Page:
Open Enrollment Policies: State Profile

Open Enrollment Policies: State Profile - Ohio

Last updated: October 2018

Open enrollment policies allow a student to transfer to a public school of his or her choice. There are two basic types of open enrollment policies.

  • Intradistrict: Students transfer to another school within their resident school district.
  • Interdistrict: Students transfer a school outside of their resident district.

Depending on the state, open-enrollment policies are mandatory, voluntary, or both. 

  • Mandatory policies require districts to participate in the program.
  • Voluntary policies allow districts to choose whether to participate in open enrollment, often allowing districts the discretion to enter into transfer agreements with other districts.
  • States with both mandatory and voluntary policies usually require mandatory open enrollment in low-performing schools or districts, in defined regions of the state or in other specific circumstances while allowing voluntary open enrollment in the rest of the state.

View the full open enrollment database here.  


Open Enrollment Survey 2018
Does the state have open enrollment programs? Yes, voluntary interdistrict; mandatory intradistrict and interdistrict for students attending an alternative school.

Voluntary: The boards of all school districts must pass policies denying or allowing enrollment by students from adjacent school districts or any school district. Participating receiving districts must have policies and procedures for admitting students, including district capacity limits by grade level, school building, and education program.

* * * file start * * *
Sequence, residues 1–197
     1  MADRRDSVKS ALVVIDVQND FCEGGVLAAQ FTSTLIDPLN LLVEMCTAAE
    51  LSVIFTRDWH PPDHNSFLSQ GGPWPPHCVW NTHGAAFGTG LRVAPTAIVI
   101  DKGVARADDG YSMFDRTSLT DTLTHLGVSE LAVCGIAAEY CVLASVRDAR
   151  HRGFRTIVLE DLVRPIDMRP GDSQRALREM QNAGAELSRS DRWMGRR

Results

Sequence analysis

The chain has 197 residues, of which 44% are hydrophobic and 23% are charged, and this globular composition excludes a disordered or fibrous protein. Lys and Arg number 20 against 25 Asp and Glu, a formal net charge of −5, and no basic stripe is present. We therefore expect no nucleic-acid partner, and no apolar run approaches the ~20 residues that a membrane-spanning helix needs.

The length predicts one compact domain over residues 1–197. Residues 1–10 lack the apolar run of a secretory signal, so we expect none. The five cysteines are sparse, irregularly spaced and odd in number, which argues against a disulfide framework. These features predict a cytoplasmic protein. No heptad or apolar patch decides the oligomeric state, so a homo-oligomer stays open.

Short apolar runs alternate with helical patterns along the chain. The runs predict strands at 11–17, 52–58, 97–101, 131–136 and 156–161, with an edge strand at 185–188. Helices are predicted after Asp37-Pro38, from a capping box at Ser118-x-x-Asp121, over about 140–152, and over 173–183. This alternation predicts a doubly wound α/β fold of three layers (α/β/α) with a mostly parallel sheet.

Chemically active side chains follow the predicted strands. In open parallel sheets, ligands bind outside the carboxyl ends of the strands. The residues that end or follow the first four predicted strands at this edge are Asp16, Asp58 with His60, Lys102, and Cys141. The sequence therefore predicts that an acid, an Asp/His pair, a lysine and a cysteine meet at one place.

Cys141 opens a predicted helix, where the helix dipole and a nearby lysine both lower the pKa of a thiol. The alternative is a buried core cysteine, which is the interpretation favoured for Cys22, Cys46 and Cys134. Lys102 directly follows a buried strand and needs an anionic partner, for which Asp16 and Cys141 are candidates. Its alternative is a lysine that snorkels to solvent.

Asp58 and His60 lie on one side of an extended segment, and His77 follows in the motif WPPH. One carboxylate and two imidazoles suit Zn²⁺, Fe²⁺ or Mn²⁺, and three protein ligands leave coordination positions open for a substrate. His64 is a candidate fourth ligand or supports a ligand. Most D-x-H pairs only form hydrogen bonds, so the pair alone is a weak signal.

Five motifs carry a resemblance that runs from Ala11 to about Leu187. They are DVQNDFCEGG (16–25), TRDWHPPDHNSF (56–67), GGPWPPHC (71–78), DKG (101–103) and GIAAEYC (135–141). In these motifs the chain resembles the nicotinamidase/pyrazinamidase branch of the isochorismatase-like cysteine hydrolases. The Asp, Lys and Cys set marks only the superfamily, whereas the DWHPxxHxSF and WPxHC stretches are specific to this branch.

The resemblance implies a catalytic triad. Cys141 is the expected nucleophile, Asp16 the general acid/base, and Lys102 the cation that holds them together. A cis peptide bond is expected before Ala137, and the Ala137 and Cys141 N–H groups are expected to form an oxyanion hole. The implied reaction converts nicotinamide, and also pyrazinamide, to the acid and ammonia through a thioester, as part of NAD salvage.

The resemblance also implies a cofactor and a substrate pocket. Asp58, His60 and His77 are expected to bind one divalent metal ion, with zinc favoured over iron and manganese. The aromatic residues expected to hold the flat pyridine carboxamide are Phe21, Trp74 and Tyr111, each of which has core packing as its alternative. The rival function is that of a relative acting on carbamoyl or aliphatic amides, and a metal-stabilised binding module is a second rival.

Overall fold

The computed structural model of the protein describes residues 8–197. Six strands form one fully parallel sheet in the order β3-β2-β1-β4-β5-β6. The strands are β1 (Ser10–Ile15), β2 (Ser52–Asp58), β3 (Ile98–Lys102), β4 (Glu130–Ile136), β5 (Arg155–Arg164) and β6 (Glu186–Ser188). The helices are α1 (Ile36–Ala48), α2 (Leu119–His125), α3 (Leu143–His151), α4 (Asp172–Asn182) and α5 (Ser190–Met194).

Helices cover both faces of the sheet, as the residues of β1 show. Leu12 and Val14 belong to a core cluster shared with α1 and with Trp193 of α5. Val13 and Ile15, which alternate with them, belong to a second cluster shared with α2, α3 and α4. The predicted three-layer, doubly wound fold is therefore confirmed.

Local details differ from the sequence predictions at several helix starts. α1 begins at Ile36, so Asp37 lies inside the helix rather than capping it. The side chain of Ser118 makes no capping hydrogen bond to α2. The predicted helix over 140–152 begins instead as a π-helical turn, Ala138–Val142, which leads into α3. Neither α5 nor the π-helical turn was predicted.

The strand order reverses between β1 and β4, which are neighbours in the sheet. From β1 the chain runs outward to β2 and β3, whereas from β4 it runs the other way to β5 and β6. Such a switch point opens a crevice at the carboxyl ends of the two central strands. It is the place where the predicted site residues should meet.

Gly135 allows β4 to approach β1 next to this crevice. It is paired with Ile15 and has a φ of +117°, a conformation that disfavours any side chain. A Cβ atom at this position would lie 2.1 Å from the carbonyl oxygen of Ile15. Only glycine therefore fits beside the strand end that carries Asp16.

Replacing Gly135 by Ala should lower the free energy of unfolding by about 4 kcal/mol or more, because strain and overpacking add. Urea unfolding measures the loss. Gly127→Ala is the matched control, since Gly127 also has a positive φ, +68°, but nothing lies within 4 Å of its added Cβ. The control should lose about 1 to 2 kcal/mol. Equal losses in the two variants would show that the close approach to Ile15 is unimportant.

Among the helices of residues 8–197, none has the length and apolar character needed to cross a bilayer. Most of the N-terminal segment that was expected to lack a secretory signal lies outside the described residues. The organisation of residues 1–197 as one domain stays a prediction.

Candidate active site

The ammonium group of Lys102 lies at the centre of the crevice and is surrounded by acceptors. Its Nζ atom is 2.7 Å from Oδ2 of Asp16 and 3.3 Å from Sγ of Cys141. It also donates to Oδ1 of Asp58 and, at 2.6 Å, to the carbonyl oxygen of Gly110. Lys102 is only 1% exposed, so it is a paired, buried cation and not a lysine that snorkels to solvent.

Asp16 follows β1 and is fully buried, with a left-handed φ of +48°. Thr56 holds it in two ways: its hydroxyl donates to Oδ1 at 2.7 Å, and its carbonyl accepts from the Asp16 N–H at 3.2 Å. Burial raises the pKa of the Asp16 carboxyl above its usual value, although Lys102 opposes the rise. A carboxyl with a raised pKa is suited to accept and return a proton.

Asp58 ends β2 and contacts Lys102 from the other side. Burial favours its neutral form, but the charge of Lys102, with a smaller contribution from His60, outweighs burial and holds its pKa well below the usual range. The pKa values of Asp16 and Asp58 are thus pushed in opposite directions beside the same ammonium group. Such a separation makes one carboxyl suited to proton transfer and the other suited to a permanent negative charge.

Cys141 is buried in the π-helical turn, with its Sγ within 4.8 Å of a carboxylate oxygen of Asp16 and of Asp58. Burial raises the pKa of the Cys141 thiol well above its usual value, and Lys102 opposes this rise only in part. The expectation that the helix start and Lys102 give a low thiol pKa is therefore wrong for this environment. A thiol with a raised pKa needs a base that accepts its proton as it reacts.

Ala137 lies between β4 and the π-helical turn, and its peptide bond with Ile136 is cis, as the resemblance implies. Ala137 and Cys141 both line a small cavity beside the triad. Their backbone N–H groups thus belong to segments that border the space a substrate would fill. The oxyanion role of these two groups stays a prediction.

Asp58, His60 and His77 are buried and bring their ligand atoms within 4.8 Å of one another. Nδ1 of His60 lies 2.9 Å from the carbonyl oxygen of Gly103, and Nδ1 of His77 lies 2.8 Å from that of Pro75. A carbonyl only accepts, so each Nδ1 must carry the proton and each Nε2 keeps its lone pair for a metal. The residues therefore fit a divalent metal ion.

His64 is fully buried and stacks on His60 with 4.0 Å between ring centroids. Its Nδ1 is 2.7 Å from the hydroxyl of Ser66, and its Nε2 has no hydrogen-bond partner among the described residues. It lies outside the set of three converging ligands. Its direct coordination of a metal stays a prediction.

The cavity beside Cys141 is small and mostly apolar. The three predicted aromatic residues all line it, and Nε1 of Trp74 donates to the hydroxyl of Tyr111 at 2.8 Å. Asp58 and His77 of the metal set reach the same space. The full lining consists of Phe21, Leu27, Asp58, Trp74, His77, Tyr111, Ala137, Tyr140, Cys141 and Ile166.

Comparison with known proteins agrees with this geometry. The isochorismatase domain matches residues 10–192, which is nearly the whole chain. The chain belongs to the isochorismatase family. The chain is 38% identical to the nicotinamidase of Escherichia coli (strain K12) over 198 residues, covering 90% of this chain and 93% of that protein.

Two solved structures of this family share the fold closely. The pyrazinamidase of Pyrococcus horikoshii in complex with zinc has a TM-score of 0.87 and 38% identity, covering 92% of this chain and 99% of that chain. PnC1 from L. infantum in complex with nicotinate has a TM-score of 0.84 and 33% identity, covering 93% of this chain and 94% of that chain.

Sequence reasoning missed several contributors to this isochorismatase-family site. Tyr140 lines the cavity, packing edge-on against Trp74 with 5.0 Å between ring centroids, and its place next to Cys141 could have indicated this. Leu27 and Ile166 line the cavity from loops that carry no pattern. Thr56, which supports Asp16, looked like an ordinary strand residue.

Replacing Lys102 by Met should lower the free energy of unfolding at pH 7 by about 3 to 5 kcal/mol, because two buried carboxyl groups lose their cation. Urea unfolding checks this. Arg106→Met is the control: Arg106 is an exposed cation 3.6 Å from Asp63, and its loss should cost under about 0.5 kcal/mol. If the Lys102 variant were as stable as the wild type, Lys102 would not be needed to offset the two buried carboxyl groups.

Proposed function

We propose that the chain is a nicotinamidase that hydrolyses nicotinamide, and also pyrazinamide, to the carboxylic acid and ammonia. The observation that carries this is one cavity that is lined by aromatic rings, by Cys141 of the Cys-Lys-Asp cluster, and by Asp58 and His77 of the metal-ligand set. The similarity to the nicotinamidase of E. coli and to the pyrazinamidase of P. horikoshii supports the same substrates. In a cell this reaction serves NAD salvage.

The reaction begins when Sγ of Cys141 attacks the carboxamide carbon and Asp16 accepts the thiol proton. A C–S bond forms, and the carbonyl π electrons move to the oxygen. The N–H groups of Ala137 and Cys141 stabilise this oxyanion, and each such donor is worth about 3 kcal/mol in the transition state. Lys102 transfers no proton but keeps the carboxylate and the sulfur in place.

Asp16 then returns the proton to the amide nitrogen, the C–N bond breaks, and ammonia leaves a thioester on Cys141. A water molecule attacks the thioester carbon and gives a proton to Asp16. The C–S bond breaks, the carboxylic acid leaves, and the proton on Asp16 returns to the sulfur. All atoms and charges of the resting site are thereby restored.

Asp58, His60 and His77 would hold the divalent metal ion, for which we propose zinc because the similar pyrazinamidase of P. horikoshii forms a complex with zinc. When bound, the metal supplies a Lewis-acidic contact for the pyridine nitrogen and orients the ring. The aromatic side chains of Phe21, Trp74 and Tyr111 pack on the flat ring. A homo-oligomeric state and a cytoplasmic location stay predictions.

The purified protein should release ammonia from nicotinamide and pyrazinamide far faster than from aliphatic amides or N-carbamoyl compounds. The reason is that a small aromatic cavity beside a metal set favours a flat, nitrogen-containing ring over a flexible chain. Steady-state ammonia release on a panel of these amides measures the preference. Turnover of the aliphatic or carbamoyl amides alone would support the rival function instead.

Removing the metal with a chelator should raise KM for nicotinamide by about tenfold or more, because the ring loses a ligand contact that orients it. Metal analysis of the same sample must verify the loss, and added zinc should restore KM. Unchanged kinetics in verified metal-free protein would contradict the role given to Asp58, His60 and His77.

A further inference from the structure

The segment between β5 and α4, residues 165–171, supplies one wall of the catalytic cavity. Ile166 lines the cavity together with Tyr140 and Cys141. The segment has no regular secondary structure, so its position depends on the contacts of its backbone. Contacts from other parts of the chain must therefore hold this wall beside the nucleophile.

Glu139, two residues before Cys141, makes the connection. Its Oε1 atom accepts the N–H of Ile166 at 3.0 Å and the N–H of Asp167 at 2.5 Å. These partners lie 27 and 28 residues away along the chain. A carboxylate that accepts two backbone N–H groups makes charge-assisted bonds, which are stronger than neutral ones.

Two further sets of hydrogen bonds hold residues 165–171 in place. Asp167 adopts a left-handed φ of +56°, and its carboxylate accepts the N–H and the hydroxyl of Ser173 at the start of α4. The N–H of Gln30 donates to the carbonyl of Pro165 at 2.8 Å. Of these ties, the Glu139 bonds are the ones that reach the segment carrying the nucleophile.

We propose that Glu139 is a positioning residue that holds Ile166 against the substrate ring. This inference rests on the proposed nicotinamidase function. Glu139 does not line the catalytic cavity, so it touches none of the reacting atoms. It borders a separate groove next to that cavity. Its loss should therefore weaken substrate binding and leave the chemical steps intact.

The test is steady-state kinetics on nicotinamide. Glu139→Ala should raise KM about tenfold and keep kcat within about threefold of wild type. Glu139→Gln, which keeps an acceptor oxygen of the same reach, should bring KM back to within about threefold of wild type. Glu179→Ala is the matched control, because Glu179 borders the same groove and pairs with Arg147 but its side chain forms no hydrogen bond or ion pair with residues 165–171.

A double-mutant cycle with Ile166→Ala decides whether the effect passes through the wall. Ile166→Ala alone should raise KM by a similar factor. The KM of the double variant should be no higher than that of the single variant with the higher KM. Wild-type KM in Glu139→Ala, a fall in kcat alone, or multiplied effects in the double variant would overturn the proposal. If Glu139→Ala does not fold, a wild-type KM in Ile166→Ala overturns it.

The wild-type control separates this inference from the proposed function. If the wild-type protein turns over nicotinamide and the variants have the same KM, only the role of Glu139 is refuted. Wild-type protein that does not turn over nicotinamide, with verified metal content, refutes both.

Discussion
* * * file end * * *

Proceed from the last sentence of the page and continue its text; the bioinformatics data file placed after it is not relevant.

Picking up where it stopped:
Mandatory: The boards of all school districts must have interdistrict and intradistrict open enrollment programs allowing students to enroll in an alternative school in the same district or another school district. The board of education for each school district must have open enrollment policies for students enrolling in an alternative school, including application procedures and district capacity limits by grade level, school building, and education program.
 

Citations: Ohio Rev. Code Ann. § 3313.97, § 3313.98
Ohio Admin. Code 3301-48-01, 3301-48-02

Do desegregation provisions impact open enrollment programs? Under both voluntary and mandatory open enrollment, districts' open enrollment plans must have policies and procedures to ensure racial balance is maintained.

Voluntary: To maintain an appropriate racial balance, a sending district may object to a student enrolling in another district.

Citations: Ohio Rev. Code Ann. § 3313.97, § 3313.98
Ohio Admin. Code 3301-48-01, 3301-48-02

Does the state set priorities for districts to follow when accepting students for open enrollment? Yes.

Voluntary: Resident students of the receiving district and previously-enrolled students must have preference over first-time applicants. Receiving districts may deny enrollment to students who have been suspended or expelled by the sending district for 10 consecutive days or more in the current or proceeding term.

Mandatory: Receiving districts must give enrollment preference to students attending or living in the attendance area of certain schools in the district. Receiving districts may deny enrollment to students who have been suspended or expelled by the sending district for 10 consecutive days or more in the current or proceeding term.

Citations: Ohio Rev. Code Ann. § 3313.97, § 3313.98
Ohio Admin. Code 3301-48-01, 3301-48-02

Who is responsible for student transportation? Parents are responsible for transportation, although receiving districts may provide transportation to and from a bus stop along a regular bus route within the district. Receiving districts may reimburse low-income families for the cost of transporting a student to and from the bus stop. In addition, school boards may be required to provide transportation in accordance with a court-approved desegregation plan.

Citations: Ohio Rev. Code Ann. § 3313.97, § 3313.98, 3313.981, 3327.05


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